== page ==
Matt Yglesias on policy vs. polarization
His thoughts are interesting
Having taken on the responsibility of scoring fantasy intellectuals, I am obliged to follow Matt Yglesias on substack. He was selected in the May league by one of my readers, and I also picked him as a player in the Media Stars league. I find his observations interesting, but they are not generating points.
I think that his posts have the potential to kick off discussions (which is a point category), but so far they have not done so. Perhaps this is a drawback to being paywalled.
For example, on May 8 he wrote,
in my view, Democrats talking about any kind of progressive issue at all is likely to cause backlash on that issue, so the only reason to talk about anything at all is to try to win elections and pass policies. But I recognize that general point as a minority view, and I should try harder to persuade everyone of the general uselessness of getting politicians to talk about your priorities, because the race framings are, in some ways, a special case of that.
I think he is saying that when you favor a policy, you want the politicians on your side to just shut up and get it done. The more they talk about an issue in partisan terms, the more they rile up the other side. I get the sense that Matt is thinking along these lines when he talks about zoning regulation or family policy or the gulf between “faculty lounge” rhetoric and other voters. He sees opportunities for bipartisanship, but these get missed because politicians start posturing, and this triggers a cycle of polarization.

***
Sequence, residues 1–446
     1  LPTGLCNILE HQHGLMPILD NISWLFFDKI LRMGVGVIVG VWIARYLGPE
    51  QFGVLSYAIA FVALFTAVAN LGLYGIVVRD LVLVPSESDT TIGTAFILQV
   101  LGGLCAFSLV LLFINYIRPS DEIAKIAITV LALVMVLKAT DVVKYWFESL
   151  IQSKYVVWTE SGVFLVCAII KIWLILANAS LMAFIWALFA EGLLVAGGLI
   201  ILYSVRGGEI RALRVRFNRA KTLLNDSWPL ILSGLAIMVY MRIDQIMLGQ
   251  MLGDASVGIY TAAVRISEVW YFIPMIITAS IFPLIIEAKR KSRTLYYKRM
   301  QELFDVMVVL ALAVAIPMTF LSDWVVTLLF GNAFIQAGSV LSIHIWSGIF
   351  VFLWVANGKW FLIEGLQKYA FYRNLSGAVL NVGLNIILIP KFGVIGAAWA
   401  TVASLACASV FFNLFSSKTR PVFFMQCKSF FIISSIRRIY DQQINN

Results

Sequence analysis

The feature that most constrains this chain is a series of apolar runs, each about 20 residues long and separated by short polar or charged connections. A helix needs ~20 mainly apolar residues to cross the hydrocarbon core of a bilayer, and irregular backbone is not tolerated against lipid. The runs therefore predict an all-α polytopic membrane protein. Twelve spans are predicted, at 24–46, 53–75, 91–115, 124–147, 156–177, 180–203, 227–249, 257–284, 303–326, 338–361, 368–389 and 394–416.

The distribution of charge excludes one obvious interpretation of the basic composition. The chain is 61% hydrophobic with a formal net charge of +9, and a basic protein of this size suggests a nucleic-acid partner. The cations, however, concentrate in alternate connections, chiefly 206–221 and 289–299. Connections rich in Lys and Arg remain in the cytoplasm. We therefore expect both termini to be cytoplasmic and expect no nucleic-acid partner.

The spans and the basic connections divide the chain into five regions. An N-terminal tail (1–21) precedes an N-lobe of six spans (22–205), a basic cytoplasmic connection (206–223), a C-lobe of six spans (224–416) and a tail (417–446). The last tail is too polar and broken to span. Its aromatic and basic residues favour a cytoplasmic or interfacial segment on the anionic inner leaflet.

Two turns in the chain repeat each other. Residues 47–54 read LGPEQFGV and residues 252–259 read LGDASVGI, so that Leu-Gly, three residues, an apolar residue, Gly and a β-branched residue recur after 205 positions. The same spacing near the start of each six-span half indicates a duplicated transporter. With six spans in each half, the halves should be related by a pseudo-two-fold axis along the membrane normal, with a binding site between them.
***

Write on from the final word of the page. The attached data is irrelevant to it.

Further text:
As I recall, Lyndon Johnson, in his master-of-the-Senate days, had contempt for “show horses” (he meant John Kennedy in particular) as opposed to workhorses. Today in politics, everyone is a show horse, and no one wants to be a workhorse. Yuval Levin makes this point eloquently in A Time to Build.
I believe that Jonathan Rauch would say that this is the outcome of seemingly well-intentioned reforms that made Congress more transparent and politicians more responsive to public sentiment. With those reforms, and given the contemporary media environment, Democratic voters want to hear their elected officials express scorn and contempt for Republicans, and Republican voters want their elected officials to express ugly sentiments toward Democrats. Deal-making, compromise, or just simple respect for the other side are turnoffs to the partisan voters that officials must cultivate in order to survive party primaries.
Matt notes that in general elections the moderate candidate often wins. But he observes that young Democratic staffers to whom the Biden Administration seems beholden are far to the left of the median voter. Noah Rothman sees a symmetric problem for Republican elected officials, in that the ardent Trump supporters to whom they are beholden do not reflect the unease about Mr. Trump that is felt by others.
We have reached an odd juncture at which each party seems hell bent on scaring away moderate voters rather than winning them over. Political scientists’ faith in the median voter theorem is wavering. And those of us who are not members of either the Woke tribe or the Trump tribe are feeling squeezed.
Follow the $! Campaign finance reform requires you to raise large sums in small amounts; only ideological candidates can maximize their total intake under such a system. If you could raise $ anywhere from anyone, you wouldn't need to be as extreme to get that last $ (you could get more $ from the moderates).